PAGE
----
Budget Cuts Limit Enrollment
Due to deep cuts in the 2003-2004 California state budget, many schools in the University of California system, including UCI, are forced to cap their enrollment for winter 2004.
According to a release by the UC Office of the President, the budget does not allow for any increase in enrollment at the UC schools and reduces funding to programs like educational outreach to K-12 schools.
Accompanying the cuts in program funding was a 30 percent increase in student enrollment fees.
The coming enrollment caps will affect mostly transfer students who are hoping to come to UCI forwinter quarter.
‘There were many good candidates that we just didn’t have the capacity for, so we couldn’t even consider them, and they were sent letters from each of the campuses that had winter caps,’ said Marguerite Bonous-Hamarth, director of admissions at UCI.
Bonous-Hamarth went on to explain the process, saying UCI’s capacity is determined usually by ‘looking at a couple of different factors for the campuses, how many faculty, how many courses have to be offered.’
Bonous-Hamarth added that Executive Vice Chancellor Michael Gottfriedson and Chancellor Ralph Cicerone are working with the academic senate and always determines UCI’s enrollment capacity.
Capping enrollment does not mean there will be no transfer students admitted this winter, however.
‘Once we remain committed to admitting students who are from our partnership schools and preliminary application in the field, there was very little additional capacity that we could consider,’ Bonous-Hamarth said.
The prospective 2004-05 California state budget does not, however, allow for funding to support an increase in enrollment at the UC schools.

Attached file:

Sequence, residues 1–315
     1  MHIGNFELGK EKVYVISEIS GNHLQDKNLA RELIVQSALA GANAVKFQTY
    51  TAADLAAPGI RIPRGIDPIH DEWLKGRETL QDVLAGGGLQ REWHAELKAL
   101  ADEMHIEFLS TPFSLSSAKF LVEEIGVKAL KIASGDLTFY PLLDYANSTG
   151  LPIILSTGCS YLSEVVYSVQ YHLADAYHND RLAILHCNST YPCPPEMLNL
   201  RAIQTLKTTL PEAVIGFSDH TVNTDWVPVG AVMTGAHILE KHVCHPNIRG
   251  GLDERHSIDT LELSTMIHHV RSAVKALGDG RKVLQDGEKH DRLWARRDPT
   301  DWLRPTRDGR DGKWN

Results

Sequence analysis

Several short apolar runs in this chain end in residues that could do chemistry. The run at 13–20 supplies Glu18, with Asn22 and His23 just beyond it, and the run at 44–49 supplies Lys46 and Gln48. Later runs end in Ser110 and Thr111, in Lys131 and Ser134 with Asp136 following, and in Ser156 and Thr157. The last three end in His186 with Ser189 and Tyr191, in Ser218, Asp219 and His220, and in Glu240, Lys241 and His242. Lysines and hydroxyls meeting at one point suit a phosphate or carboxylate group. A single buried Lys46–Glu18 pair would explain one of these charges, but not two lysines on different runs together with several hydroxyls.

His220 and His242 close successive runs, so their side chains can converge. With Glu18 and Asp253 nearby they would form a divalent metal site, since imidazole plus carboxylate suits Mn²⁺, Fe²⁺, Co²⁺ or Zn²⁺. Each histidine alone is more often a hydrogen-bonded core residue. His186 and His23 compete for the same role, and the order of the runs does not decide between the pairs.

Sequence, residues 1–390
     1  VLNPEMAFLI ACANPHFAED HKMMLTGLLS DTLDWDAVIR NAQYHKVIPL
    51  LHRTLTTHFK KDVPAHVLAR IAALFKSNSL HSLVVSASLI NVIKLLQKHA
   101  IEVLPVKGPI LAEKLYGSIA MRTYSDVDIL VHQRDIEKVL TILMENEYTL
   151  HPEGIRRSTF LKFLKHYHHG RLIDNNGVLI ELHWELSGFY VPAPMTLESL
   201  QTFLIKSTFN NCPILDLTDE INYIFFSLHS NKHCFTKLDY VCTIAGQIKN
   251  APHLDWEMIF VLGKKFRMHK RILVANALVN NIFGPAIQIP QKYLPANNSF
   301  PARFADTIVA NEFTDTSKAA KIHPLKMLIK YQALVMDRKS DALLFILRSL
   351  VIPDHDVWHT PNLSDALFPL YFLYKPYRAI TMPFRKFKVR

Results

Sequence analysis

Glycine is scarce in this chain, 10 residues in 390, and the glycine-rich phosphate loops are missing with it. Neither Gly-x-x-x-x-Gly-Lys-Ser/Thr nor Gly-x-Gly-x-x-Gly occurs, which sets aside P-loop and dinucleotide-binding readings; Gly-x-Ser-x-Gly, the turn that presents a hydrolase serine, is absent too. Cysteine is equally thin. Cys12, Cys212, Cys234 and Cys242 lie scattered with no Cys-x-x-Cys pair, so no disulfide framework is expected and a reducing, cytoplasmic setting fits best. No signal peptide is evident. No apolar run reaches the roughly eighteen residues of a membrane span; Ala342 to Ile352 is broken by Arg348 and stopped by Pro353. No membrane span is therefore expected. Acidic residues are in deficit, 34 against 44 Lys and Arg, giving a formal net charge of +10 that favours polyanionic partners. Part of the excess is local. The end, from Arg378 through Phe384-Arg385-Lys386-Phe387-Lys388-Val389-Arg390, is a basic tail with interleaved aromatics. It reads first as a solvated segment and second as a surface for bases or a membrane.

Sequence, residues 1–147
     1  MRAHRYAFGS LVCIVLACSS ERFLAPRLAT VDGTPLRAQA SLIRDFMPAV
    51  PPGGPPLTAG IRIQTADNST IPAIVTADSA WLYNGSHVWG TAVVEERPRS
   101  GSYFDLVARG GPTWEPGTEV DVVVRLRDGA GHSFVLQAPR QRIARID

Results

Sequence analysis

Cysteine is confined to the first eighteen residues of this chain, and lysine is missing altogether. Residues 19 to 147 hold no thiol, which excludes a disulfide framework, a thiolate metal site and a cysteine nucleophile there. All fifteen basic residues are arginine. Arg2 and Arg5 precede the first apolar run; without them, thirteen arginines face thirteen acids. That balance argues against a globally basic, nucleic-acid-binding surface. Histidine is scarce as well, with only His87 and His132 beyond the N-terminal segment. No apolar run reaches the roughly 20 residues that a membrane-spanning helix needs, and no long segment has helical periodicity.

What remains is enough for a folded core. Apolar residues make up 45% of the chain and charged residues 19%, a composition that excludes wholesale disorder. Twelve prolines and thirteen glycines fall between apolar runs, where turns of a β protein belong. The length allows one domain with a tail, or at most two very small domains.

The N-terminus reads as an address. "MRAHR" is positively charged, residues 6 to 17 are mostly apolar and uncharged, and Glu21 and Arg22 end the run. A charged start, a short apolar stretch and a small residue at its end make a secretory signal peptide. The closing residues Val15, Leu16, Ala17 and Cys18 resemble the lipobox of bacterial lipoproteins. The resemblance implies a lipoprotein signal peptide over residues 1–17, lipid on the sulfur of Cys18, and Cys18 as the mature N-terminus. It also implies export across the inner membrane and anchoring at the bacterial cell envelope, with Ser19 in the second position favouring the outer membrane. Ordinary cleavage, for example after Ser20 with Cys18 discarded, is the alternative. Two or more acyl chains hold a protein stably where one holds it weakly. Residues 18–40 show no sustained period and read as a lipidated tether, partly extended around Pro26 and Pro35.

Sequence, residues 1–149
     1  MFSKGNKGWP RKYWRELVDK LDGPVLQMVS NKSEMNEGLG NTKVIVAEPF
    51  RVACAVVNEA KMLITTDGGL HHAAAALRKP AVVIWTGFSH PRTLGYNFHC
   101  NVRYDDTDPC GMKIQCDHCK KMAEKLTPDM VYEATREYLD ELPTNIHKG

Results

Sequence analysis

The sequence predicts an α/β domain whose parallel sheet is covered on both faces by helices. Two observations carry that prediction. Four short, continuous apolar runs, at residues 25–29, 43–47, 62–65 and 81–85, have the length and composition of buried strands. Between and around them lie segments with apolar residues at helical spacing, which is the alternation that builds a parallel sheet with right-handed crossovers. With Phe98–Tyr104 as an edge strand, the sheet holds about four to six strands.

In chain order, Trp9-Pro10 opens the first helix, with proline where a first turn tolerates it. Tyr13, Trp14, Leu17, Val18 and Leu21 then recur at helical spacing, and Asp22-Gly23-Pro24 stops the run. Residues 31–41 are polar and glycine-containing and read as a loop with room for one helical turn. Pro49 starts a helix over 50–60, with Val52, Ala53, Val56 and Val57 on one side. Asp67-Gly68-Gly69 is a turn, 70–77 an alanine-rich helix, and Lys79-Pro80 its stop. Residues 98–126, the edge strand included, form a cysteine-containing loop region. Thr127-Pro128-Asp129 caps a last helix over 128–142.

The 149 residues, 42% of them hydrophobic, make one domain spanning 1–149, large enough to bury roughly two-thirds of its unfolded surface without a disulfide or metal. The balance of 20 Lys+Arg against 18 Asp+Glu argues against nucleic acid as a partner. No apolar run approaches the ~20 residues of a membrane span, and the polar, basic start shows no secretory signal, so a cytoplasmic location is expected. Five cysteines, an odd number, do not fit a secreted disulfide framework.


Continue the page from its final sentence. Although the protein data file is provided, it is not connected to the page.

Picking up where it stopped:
With so little money available to UC campuses, enrollment caps might be put into place for freshman enrolling in fall 2004.
This would mean that UC campuses already at their enrollment capacity will have to turn away even more students that meet qualifications for admission.
It has been the practice of the UC system to ensure that every student who meets the eligibility requirements be admitted to at least one UC campus, even if the applicant’s first choice did not accept him or her. These students would then be admitted to a different, less-crowded and less-selective campus within the system
. However, with the enormous growth in population, campuses that once absorbed overflow from other schools are now turning away their own applicants.
Sally Peterson, dean of students and assistant vice chancellor of student affairs, gave an example of this overflow of students.
‘Riverside used to not be in that position. Now they’re in the same position, so I think it’s affecting a lot of campuses,’ Peterson said.
Peterson also explained that the UC planned to deal with additional students with the creation of the 10th UC campus at Merced. Students who were not admitted to their first-choice school would still be admitted here.
The prospective budget for the next year, however, calls for a reduction in funding to UC Merced, which will delay its acceptance of undergraduate students by one year.
‘The budget is uncertain,’ said vice chancellor Manuel Gomez. ‘We have a new governor, and we do know that we want to maintain the master plan promise of access to every UC eligible student in the state to some place in one of the UC campuses. ‘
I think the delay will have a modest impact on the campuses in terms of demand; it’ll be more difficult to accommodate all those students. That’s going to be probably one of the most severe tests that we’re going to be looking at, whether UC can sustain that promise of space for every UC eligible student.’